If summer had a drink of choice, my bet is that it would be cider. It’s like craft beer and a juice box had a baby—ice cold, refreshing, bubbly, with a hint of apple to bring back all the nostalgia of childhood while the ABV ensures you still feel like a legit grown-up.
Owners of 1859 Cider Co., Dan and Patricia Fox, have experienced first-hand what it takes to care for a cidery in its infancy. I had the opportunity to check out their newly-built taproom during their grand opening celebration last Friday in their alley location between Chemeketa and Court. I caught Dan for a quick chat in between his rounds to check the kegs. He laughed, openly admitting that they’re still obviously in construction mode. But as I looked around and took in the details of the taproom, I was pleasantly surprised by what they’ve accomplished thus far with the place. Especially after Dan informed me that he and his wife, Patricia, built the cidery themselves, with help from friends who volunteered their time and muscle power. Sure, any customer can see that there’s work still needing to be done, but the quality of construction and overall character of 1859 is quite impressive.
People sharing glasses of locally made cider, sharing tables, some even sharing chairs because it was so busy—and not a single frown to be seen….“This is my city. Our city. Look at her flourish.”
The ambiance at 1859 Cider Co. is cozy and clean, with warm, rustic wood blending in well with the industrial steel used to fortify the space. Indoor and outdoor seating gives the tasting room a larger feel, even though it’s technically a tight fit. Yet while it was a packed house on Friday, it felt more like an intimately-rowdy community experience rather than a claustrophobic mess. I loved that they kept an open-concept design between the apple presses and the bar (you literally have a front row seat to the cider making process), and it gives the room the illusion of being huge. Details were clearly important to the owners; Dan told me that even the bar tops were crafted from reclaimed wood from 150-year-old distillery floorboards. They took every opportunity to help cut cost during construction, but they never cut corners.
Their impressive lineup of ciders proves their commitment to quality over quantity. With only six ciders flowing from the taps during their grand opening, cider-lovers had a chance to focus on what Dan and Patricia deem worthy of pouring—again, quality over quantity. My tasting partner and I ordered the popular tasting tray to give each cider a try (the carved, wooden tray with nails holding cider labels is another excellent touch). We definitely narrowed down our favorites, but we both agreed that each cider was genuinely good, each with their own unique profile. A full list of tasting notes is on-hand for the cider aficionados out there. I have no doubt that even with six ciders on tap right now, 1859’s selection is broad enough (dry, semi-sweet, sweet) and tasty enough to please any palate that comes through their garage door entrance.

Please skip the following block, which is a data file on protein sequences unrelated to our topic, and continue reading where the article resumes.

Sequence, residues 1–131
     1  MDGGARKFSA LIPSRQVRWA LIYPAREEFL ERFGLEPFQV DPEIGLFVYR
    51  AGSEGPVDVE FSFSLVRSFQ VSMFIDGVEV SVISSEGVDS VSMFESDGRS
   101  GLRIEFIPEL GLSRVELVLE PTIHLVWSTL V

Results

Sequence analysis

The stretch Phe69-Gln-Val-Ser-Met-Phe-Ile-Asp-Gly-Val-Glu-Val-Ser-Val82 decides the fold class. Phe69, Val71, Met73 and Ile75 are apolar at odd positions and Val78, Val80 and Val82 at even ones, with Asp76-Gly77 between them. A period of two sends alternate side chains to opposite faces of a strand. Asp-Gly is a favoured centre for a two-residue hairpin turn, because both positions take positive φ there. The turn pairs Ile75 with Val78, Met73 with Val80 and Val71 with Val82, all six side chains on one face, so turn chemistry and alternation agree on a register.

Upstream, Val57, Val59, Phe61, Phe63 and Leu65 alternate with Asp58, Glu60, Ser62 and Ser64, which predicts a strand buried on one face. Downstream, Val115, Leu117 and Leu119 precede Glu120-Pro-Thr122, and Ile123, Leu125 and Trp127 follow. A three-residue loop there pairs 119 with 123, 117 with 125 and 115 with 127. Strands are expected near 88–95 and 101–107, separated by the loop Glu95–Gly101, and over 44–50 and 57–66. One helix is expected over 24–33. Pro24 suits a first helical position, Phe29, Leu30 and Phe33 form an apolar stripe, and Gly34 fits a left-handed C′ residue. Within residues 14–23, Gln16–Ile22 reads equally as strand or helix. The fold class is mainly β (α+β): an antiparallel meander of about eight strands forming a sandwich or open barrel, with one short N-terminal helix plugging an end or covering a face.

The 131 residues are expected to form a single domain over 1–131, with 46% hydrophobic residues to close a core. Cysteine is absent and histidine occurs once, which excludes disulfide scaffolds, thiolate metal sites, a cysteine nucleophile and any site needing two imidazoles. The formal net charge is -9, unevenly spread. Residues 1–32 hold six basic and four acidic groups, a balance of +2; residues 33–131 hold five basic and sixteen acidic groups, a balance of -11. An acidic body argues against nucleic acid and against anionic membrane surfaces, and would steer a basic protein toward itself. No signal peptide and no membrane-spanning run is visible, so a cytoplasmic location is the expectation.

With Victory Club a few doors down in the adjacent alley, and Venti’s and Taproot dotted in between, the downtown alleyways are really starting to shape up. Once a shameful symbol of our city’s neglect, Salem’s alleys are attracting entrepreneurs like the Foxes who have taken notice of the distinctive location tucked behind Salem’s central historic buildings. I sat back during 1859’s grand opening and soaked in the buzzing camaraderie that was going on around us. People sharing glasses of locally made cider, sharing tables, some even sharing chairs because it was so busy—and not a single frown to be seen. And I can’t help but think, “This is my city. Our city. Look at her flourish.”
Seriously. Thanks to the hard work of people like Dan and Patricia, and so many others, Salem is becoming the city we have always dreamed of, but had never put forth the effort to create. (Until now.) Delicious change is happening, and Salem is noticing. Downtown has become a destination, and with increased venues, shows and entertainment, dining options, breweries, and now a cidery, Salem is starting to look mighty fine. And we get to reap (and sip) the sweet benefits.
See the full story behind 1859 Cider Co. on their website, www.1859cider.com. Find their alleyway taproom at 249 Liberty St. NE, Ste. 140, in downtown Salem.